Archive for the ‘Course 2013’ Category

Richard Gordon, DickGordonCan@gmail.com Gulf Specimen Marine Laboratory http://www.facebook.com/GulfSpecimenMarineLab Presented in the Embryo Physics Course, February 13, 2013 Abstract Presentation /files/presentations/Gordon2013b.pdf Biography see http://embryogenesisexplained.com/2012/03/cause-and-effect.html Links Richard Gordon, A Tale of Two Papers Richard Gordon, University of Manitoba & Gulf Specimen Marine Laboratory, Walking the tightrope: The dilemmas of hierarchical instabilities in Turing’s morphogenesis Dick Gordon, Cause […]

Melinda Bonnie Fagan Assistant Professor of Philosophy Rice University mbf2@rice.edu (713) 348-2298 Presented in the Embryo Physics Course, February 6, 2013 Abstract The epigenetic landscape is a model of development, originally proposed by C. H. Waddington to visually explicate an integrated theory of genetics, development and evolution.  This simple, evocative model represents development as an […]

Ille C. Gebeshuber Institute of Microengineering and Nanoelectronics, Universiti Kebangsaan Malaysia, Malaysia Institute of Applied Physics, Vienna University of Technology, Austria Aramis Technologies Sdn. Bhd., Kuala Lumpur, Malaysia gebeshuber@iap.tuwien.ac.at Presented in the Embryo Physics Course, January 30, 2013 Abstract One of the fascinating aspects of nanotechnology is that on the nanometer scale all the natural […]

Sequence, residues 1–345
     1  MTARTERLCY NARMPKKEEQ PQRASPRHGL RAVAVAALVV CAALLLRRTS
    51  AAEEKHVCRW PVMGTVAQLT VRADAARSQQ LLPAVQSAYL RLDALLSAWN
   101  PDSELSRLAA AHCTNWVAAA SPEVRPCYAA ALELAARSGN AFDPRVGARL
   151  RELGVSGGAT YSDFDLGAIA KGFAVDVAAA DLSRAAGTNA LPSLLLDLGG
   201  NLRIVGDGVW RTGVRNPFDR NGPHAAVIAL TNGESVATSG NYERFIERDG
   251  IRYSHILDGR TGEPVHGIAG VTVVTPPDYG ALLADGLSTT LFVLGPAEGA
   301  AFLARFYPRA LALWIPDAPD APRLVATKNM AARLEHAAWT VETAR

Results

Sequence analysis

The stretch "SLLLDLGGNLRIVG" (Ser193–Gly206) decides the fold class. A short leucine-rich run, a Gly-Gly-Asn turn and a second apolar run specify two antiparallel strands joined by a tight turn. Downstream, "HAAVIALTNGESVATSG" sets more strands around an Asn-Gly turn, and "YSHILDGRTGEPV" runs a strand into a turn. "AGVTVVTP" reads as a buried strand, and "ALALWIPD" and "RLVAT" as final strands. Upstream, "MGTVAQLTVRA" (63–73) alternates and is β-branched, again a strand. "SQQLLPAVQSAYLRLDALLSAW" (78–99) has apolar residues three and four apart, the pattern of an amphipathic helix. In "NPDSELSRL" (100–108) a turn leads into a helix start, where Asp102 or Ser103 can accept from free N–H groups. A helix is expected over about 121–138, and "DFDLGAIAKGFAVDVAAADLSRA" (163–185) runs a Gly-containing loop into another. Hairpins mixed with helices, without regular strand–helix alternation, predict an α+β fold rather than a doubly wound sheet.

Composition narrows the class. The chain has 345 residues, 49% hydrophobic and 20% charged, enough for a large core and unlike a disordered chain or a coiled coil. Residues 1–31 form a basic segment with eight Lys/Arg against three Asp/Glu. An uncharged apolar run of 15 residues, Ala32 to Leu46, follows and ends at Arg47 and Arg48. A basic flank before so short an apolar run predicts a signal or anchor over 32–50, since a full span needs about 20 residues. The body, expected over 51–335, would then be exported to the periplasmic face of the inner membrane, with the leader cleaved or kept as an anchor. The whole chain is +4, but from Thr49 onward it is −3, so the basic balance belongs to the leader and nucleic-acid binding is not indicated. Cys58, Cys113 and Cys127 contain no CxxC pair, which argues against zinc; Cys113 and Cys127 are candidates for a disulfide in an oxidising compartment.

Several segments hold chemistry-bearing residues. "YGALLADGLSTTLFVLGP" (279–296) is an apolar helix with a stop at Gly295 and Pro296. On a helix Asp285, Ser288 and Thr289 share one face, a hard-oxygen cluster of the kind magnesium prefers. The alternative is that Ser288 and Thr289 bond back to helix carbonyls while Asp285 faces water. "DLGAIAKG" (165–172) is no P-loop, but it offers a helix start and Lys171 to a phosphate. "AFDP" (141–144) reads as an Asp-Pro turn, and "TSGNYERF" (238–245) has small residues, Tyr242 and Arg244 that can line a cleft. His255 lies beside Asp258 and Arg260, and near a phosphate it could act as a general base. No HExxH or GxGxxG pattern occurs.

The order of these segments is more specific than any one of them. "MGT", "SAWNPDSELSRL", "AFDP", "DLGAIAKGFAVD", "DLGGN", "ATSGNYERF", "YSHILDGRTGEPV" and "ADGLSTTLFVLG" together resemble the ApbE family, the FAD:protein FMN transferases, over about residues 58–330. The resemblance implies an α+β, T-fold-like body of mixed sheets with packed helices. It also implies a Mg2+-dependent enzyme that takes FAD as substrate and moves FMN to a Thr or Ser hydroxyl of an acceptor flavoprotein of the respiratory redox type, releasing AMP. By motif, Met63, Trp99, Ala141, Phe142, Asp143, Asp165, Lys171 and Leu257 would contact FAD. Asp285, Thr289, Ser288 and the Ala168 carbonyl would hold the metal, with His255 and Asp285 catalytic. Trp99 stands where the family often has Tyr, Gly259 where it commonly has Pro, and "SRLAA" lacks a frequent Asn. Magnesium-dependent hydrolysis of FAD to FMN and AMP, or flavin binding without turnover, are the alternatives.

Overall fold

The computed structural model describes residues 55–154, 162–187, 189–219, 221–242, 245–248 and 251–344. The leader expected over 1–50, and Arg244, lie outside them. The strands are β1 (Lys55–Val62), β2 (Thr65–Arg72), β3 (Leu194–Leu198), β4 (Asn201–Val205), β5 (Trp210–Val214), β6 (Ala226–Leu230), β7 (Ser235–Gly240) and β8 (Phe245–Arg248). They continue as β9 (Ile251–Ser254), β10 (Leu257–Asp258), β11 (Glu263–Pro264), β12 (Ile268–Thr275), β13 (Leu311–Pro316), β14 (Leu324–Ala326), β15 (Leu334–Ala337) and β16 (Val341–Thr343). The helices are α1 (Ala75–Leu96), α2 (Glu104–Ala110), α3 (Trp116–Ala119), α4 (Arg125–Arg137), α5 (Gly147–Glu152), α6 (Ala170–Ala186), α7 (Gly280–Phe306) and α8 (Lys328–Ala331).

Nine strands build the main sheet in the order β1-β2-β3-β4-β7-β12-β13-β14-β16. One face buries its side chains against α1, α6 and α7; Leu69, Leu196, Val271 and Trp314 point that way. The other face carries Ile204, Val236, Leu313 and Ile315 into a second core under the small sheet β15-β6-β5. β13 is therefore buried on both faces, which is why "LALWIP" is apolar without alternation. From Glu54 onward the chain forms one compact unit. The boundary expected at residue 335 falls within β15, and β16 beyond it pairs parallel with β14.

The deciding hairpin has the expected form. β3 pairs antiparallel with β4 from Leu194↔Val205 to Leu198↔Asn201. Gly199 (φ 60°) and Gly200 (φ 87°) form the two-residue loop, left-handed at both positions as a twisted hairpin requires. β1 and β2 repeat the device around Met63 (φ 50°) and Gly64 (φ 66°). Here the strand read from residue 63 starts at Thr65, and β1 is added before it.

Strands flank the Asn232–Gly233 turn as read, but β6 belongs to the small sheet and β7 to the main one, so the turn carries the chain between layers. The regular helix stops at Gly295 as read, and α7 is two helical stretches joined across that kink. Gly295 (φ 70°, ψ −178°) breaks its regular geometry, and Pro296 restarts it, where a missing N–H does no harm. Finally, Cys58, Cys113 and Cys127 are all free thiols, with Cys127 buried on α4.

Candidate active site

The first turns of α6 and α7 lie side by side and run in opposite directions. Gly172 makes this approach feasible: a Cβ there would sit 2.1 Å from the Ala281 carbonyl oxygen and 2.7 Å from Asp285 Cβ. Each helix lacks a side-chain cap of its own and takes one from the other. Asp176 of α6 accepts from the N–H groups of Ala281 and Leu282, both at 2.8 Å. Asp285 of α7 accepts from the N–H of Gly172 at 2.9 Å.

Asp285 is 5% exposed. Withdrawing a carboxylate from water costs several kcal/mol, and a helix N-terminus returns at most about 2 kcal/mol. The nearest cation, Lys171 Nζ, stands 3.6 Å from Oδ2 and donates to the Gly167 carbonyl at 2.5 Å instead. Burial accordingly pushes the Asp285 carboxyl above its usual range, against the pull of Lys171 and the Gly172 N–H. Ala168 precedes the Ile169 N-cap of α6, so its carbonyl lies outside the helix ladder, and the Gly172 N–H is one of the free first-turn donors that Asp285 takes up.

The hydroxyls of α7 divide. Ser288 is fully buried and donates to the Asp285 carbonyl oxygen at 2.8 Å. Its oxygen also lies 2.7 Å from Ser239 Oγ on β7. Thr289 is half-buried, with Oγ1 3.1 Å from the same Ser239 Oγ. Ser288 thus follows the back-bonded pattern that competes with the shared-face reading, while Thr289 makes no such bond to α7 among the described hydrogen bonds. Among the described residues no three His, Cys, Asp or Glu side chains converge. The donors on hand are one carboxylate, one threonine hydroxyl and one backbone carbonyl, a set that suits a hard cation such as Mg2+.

Albert K Harris Professor of Biology UNC-Chapel Hill Presented in the Embryo Physics Course, January 23, 2013 Abstract Malcolm Steinberg invented the “Differential Adhesion Hypothesis” (Steinberg 1963, 1970).  His key idea was that aggregations of cells are thermodynamically equivalent to drops of liquids, and that maximization of adhesions between cells acts like maximization of molecule-to-molecule […]

Albert K Harris Professor of Biology UNC-Chapel Hill Presented in the Embryo Physics Course, January 16, 2013 Abstract Sponge cells constantly rearrange, just as much from one day to the next as when their cells are mechanically separated from each other. H. V. Wilson discovered the ability of sponge and coral cells to rearrange into normal […]

Richard Gordon, DickGordonCan@gmail.com Gulf Specimen Marine Laboratory http://www.facebook.com/GulfSpecimenMarineLab Presented in the Embryo Physics Course, January 9, 2013 Abstract A cytoskeletal structure (the cell state splitter) at the apical end of epithelial cells, that we predicted [1] and observed [2], may be set up in a metastable state and explain the binary nature of cell differentiations due to […]